Given that Ca2+ entry through either SOCE or VGCC activity is required to maintain neuronal ER Ca2+ content, it is interesting to speculate about whether STIM1 inhibits VGCC (6, 7). Although the initial observations were made in vascular smooth muscle and T cells and focused on Cav1.2 (6, 7), STIM1-mediated suppression of VGCCs was implicated in the differentiation of neurons from mouse embryonic stem cells (8). Inhibition of VGCCs by STIM1 and STIM2 could have profound implications for excitability in neurons, because constitutive STIM activation in resting neurons would presumably lead to VGCC inhibition. In this scenario, STIMs would create resistance to activation that would need to be overcome in the transition from resting to excitation.

Lalonde et al. (1) link SOCE (distinct from depolarization-induced Ca2+ entry through VGCCs or NMDA-type glutamate receptors) as directly responsible for Sp4 activity. Sp4 is a neuron-specific transcription factor that is primarily controlled through ubiquitin-proteasome–mediated degradation. Sp4 regulates the expression of both tissue-specific genes and housekeeping genes, is degraded under depolarizing conditions, and profoundly affects memory and synaptic plasticity (9). Precisely why there would be a link between Ca2+ entering cells through Orai1, and not VGCCs, and Sp4 is not known, but may reflect local engagement of distinct effectors, leading to the initiation of alternate transcriptional programs.

The authors speculate that their findings may provide a new link between Ca2+ dysregulation and neuronal pathologies, such as schizophrenia, in which Sp4 abundance inversely correlates with disease symptoms (9, 10). However, the findings of the current studies (1, 2) also have implications for Alzheimer’s disease. Mutations in the ER membrane proteins presenilin 1 and 2 lead to familial Alzheimer’s disease, and these mutations have been shown to reduce ER Ca2+ leak (1113). Neurons are presumably sensitive to the loss of ER Ca2+ leak, because this would decrease engagement of SOCE and potentially alter downstream signaling, such as Sp4 activity. Future investigations of STIM function in neurons expressing presenilin mutants may improve our understanding of this relationship.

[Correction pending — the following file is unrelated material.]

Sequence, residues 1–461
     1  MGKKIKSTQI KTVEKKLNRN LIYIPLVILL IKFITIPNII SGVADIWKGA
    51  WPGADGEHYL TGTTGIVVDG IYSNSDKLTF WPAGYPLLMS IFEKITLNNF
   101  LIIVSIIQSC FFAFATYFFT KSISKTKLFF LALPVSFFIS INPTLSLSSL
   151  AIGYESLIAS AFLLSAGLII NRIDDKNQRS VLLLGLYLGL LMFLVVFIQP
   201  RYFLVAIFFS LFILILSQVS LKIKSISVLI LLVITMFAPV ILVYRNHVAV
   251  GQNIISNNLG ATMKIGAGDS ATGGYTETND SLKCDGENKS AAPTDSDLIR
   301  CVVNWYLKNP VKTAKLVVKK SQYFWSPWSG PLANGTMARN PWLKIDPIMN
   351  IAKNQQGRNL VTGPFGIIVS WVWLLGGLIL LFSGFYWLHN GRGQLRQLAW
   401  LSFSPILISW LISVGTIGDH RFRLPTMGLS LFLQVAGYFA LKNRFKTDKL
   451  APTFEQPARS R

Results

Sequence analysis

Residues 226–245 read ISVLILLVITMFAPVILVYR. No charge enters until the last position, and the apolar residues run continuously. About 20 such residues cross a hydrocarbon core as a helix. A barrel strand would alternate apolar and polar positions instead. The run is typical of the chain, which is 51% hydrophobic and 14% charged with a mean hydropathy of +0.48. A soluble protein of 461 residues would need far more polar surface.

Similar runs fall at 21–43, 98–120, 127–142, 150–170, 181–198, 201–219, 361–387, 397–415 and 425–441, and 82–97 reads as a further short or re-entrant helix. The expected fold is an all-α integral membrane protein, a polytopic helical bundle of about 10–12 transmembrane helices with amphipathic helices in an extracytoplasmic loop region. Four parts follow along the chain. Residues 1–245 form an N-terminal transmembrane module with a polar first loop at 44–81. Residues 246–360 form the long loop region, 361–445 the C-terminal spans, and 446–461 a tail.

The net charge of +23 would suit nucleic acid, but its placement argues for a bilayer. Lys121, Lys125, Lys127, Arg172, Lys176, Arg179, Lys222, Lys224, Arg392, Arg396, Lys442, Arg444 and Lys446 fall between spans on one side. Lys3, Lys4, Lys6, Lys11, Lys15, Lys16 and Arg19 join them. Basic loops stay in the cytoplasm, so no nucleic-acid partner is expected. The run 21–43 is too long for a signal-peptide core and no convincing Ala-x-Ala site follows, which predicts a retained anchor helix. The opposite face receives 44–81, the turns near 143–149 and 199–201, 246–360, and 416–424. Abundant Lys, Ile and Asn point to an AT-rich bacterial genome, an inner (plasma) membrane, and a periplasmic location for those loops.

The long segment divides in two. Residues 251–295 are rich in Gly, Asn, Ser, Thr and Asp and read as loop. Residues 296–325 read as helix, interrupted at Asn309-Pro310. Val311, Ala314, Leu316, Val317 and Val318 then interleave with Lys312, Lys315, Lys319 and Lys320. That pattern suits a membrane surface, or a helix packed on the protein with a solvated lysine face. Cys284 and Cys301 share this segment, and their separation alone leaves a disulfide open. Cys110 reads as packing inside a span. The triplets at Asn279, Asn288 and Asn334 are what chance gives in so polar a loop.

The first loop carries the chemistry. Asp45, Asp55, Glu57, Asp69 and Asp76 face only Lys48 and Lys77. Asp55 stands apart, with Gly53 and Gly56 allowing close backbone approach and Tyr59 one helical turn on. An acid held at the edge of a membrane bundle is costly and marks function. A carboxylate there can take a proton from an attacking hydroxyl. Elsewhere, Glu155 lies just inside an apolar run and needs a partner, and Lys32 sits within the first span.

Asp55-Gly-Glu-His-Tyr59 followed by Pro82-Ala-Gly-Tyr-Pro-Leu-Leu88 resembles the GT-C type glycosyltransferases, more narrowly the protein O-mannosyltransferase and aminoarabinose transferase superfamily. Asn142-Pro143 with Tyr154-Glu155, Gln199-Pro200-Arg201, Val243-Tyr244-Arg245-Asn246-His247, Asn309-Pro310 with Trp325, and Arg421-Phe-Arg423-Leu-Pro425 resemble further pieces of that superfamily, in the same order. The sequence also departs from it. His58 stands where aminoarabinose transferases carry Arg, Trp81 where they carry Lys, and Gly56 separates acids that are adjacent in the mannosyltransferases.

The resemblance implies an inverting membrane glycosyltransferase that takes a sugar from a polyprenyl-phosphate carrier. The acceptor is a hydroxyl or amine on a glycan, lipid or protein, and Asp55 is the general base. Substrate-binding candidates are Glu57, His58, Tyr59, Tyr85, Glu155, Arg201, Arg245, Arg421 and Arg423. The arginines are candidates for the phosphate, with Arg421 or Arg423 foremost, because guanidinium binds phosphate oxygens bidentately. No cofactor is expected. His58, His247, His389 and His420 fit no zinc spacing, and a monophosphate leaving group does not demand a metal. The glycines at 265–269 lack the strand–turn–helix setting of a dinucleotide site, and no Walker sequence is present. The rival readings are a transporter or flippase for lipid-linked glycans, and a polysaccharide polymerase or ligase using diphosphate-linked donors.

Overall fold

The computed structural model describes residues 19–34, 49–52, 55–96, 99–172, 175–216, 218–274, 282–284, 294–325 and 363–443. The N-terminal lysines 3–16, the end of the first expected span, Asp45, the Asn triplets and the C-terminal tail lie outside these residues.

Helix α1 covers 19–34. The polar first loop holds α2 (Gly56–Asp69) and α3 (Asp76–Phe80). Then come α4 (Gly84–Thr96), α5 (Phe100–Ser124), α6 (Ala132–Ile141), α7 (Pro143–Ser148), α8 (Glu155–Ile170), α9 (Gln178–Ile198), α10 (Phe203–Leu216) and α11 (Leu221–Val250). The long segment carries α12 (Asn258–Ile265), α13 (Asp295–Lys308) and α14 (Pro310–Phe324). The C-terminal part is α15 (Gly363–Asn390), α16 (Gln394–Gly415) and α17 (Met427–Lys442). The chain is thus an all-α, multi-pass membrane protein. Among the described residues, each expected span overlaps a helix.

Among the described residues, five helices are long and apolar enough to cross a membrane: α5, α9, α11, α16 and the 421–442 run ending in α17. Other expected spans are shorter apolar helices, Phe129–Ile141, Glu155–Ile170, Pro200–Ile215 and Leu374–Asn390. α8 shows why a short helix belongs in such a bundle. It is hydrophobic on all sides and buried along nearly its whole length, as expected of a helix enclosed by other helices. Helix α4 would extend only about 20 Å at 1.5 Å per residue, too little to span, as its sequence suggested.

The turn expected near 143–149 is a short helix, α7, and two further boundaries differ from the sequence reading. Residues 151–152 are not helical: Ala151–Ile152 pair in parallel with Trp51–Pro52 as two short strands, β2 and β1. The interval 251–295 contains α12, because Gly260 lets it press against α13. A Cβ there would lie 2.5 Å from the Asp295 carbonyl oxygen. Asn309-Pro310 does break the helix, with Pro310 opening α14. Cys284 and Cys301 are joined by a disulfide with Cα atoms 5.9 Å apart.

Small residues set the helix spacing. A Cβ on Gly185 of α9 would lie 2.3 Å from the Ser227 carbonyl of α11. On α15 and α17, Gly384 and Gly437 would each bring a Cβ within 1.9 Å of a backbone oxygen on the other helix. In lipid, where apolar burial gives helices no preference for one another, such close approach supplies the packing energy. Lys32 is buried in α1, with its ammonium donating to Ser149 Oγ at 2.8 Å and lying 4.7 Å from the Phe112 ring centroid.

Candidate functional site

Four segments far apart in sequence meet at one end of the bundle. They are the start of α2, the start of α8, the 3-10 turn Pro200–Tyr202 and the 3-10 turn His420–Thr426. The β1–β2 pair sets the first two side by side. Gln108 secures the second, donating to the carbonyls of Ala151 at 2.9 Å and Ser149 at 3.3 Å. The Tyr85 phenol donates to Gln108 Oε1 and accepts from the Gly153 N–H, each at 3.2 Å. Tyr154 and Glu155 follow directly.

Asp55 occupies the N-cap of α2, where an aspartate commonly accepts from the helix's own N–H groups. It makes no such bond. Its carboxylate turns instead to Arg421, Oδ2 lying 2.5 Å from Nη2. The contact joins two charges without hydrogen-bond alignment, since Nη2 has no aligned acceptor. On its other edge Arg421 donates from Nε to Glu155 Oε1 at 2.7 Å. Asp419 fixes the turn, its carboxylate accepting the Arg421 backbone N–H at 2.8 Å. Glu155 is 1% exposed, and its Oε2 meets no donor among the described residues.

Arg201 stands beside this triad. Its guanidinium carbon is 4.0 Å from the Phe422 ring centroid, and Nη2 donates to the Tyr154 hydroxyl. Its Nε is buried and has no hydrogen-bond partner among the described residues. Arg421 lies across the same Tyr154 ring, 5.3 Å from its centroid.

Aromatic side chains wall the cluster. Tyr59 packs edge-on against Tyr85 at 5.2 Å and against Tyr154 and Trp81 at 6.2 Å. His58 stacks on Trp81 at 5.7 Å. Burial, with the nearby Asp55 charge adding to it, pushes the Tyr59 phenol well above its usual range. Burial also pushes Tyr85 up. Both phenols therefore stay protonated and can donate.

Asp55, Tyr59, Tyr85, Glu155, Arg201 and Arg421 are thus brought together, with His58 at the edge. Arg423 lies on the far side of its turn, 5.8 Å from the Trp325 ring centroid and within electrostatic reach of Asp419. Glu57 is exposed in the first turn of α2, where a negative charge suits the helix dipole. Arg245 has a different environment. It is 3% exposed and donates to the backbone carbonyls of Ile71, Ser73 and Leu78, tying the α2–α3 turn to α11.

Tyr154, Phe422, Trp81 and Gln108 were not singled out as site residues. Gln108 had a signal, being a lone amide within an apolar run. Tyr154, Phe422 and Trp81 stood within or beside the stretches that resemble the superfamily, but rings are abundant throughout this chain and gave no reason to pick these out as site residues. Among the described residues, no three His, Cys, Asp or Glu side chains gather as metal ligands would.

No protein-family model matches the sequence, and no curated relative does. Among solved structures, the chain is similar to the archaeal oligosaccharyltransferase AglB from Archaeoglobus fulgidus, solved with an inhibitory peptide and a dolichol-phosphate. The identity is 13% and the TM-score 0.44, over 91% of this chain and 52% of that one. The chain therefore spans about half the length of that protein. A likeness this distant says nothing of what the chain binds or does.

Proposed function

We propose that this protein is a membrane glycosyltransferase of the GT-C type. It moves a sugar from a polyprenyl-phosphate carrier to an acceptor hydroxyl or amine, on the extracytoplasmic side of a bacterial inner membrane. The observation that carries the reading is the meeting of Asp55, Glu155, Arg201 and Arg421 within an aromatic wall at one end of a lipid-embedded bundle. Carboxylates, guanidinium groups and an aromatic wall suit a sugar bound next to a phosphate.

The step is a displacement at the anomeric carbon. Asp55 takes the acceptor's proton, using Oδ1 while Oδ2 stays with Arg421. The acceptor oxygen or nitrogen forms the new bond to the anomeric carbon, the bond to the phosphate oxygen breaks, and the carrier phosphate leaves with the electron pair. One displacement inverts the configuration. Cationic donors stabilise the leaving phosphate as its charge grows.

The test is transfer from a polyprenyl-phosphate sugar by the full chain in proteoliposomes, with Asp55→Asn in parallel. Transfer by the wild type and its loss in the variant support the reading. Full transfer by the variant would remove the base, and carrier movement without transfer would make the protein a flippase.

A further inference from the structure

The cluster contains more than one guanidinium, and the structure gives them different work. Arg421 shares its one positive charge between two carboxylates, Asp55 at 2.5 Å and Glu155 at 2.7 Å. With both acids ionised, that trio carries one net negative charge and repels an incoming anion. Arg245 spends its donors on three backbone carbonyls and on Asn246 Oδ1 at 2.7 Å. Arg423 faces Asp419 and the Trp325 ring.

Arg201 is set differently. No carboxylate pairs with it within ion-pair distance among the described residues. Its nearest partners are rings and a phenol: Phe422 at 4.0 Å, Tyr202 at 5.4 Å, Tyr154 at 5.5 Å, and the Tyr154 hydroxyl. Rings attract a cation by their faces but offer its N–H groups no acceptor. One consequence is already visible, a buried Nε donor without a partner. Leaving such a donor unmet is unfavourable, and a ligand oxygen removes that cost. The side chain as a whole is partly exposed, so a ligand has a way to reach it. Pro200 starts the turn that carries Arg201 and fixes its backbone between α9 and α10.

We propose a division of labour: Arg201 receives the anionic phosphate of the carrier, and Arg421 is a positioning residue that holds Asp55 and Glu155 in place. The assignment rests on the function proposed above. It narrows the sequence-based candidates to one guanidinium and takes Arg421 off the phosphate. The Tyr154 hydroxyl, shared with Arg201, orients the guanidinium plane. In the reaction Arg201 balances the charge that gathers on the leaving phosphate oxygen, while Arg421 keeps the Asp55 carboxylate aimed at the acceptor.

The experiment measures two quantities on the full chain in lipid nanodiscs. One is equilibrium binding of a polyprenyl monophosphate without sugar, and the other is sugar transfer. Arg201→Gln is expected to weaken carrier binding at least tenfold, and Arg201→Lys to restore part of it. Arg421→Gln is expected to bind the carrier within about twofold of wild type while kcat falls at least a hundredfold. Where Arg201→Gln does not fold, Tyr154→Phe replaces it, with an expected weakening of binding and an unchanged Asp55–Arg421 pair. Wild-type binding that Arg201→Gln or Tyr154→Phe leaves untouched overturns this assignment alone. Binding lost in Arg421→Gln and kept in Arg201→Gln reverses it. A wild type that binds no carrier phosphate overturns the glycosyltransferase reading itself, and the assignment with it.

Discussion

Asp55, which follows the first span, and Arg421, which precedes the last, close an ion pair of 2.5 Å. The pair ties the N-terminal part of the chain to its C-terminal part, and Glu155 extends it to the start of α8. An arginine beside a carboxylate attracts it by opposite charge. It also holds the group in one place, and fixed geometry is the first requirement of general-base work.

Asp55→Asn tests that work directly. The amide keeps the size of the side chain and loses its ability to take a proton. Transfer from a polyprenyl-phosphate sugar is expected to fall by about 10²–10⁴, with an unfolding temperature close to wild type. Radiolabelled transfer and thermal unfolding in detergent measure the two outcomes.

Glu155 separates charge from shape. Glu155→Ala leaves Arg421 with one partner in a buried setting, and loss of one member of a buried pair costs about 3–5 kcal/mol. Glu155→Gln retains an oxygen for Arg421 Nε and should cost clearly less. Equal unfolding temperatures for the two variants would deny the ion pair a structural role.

In another recent study, Hartmann et al. (2) used Purkinje neuron–specific STIM1 deletion to reveal that STIM1 is critical for metabotropic glutamergic synaptic transmission and cerebellar motor function. These defects were linked primarily to a STIM1 requirement for excitatory postsynaptic currents mediated by the transient receptor potential channel TRPC3. The ability of STIM1 to modulate TRPC function has been a highly controversial topic for many years. It is tempting to speculate that this controversy might stem from internal factors in Purkinje neurons (and some, but not all, other cell types) that support STIM-TRPC interactions. Defining these conditions would go a long way toward addressing this controversy.

Lalonde et al. have provided an intriguing new perspective on the roles of STIM and Orai in neurons. STIM and Orai provide a crucial source of Ca2+ when neurons are at rest, in order to maintain ER Ca2+ concentration (Fig. 1). In addition to this homeostatic function, STIM activation in neurons also regulates gene transcription through Sp4 (1) and probably other transcription factors. Given the defects in both memory (4) and motor control (2) observed in animals with neuron-specific STIM knockout, these STIM-dependent effects on Ca2+ handling can have profound effects in the brain. In considering the multifaceted roles of STIM1 in the control of Ca2+ signals (14), future investigations will be required to define the STIM targets responsible for these functions.